The extracellular matrix fragment perlecan domain V is neuroprotective and functionally restorative following experimental stroke. As neurogenesis is an important component of chronic post-stroke repair, and previous studies have implicated perlecan in developmental neurogenesis, we hypothesized that domain V could have a broad therapeutic window by enhancing neurogenesis after stroke. We demonstrated that domain V is chronically increased in the brains of human stroke patients, suggesting that it is present during post-stroke neurogenic periods. Furthermore, perlecan deficient mice had significantly less neuroblast precursor cells after experimental stroke. Seven-day delayed domain V administration enhanced neurogenesis and restored peri-infarct excitatory synaptic drive to neocortical layer 2/3 pyramidal neurons after experimental stroke. Domain V’s effects were inhibited by blockade of α2β1 integrin, suggesting the importance of α2β1 integrin to neurogenesis and domain V neurogenic effects. Our results demonstrate that perlecan plays a previously unrecognized role in post-stroke neurogenesis and that delayed DV administration after experimental stroke enhances neurogenesis and improves recovery in an α2β1 integrin-mediated fashion. We conclude that domain V is a clinically relevant neuroprotective and neuroreparative novel stroke therapy with a broad therapeutic window.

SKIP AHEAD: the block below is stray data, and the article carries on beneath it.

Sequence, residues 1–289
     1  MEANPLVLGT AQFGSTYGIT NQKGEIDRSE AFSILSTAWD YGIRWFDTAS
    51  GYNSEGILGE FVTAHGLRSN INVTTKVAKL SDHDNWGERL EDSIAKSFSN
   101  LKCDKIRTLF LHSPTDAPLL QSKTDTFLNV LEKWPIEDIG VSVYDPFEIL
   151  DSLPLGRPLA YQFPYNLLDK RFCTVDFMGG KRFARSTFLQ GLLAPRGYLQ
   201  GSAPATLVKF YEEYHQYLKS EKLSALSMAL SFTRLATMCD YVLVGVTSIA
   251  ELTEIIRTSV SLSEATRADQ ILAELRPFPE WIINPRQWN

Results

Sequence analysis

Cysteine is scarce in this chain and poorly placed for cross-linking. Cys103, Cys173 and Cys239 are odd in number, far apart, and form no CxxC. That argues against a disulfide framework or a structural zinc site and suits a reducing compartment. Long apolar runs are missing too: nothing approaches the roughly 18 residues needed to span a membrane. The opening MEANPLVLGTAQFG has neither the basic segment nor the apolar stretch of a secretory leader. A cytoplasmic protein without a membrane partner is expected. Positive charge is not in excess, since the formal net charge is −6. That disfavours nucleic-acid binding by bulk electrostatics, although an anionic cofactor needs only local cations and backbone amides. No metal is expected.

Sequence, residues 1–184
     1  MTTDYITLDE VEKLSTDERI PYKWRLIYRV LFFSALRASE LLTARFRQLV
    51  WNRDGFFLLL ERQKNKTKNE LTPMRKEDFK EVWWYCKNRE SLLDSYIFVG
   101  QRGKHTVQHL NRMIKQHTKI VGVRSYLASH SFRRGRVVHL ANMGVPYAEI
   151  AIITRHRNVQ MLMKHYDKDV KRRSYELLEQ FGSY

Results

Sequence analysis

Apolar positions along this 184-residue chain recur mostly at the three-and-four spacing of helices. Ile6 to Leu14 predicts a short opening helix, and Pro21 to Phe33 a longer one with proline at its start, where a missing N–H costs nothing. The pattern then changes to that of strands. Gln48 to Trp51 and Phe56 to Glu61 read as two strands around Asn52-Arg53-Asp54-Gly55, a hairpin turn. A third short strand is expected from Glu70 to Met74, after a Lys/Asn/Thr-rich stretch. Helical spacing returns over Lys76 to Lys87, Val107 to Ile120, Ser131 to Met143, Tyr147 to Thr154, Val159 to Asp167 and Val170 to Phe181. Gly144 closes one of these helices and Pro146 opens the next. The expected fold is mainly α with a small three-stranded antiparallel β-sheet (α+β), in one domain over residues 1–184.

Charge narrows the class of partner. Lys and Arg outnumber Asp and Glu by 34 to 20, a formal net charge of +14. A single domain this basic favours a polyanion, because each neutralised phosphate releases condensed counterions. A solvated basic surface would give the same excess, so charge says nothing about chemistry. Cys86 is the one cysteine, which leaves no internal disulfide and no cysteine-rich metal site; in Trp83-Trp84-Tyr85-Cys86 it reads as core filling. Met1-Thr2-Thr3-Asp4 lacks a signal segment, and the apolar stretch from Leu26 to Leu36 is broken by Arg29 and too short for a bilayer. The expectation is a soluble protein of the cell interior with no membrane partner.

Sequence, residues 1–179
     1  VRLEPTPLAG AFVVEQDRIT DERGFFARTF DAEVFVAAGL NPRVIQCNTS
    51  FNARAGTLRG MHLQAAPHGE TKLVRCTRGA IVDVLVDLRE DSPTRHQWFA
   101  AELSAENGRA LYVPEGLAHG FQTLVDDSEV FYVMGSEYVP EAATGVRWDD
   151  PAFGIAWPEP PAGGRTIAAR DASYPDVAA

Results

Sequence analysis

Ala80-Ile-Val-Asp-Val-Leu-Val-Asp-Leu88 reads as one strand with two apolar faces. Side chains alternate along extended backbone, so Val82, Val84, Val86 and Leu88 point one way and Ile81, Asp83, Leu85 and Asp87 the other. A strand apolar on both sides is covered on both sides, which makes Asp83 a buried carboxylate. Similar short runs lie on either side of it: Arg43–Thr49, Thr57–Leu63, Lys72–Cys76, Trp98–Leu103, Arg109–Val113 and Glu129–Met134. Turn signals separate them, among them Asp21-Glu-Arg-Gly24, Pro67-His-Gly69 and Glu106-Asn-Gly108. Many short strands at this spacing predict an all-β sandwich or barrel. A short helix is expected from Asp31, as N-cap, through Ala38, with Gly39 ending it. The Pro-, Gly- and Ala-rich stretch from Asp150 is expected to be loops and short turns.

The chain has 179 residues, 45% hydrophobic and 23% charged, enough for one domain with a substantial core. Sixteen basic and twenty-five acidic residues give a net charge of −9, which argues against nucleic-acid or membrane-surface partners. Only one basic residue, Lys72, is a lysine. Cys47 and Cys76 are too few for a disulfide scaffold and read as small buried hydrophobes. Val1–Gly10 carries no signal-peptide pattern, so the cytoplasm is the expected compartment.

|Number of pages||15|
|Journal||Translational Stroke Research|
|State||Published - Feb 2021|
Bibliographical noteFunding Information:
This work was funded by the National Institutes of Health R21 NS079960 (GB), the National Institutes of Health R21 NS088608 (BS), the National Institutes of Health R01 NS092552 (BS), the American Heart Associtation (MK), the Sir Charles Hercus Fellowship from the Health Research Council of New Zealand, a Health Research Council of New Zealand project grant and the Royal Society of New Zealand Marsden Fund (AC), and the Neurological Foundation of New Zealand project grant (AB & AC). Acknowledgments
© 2020, The Author(s).
ASJC Scopus subject areas
- Neuroscience (all)
- Clinical Neurology
- Cardiology and Cardiovascular Medicine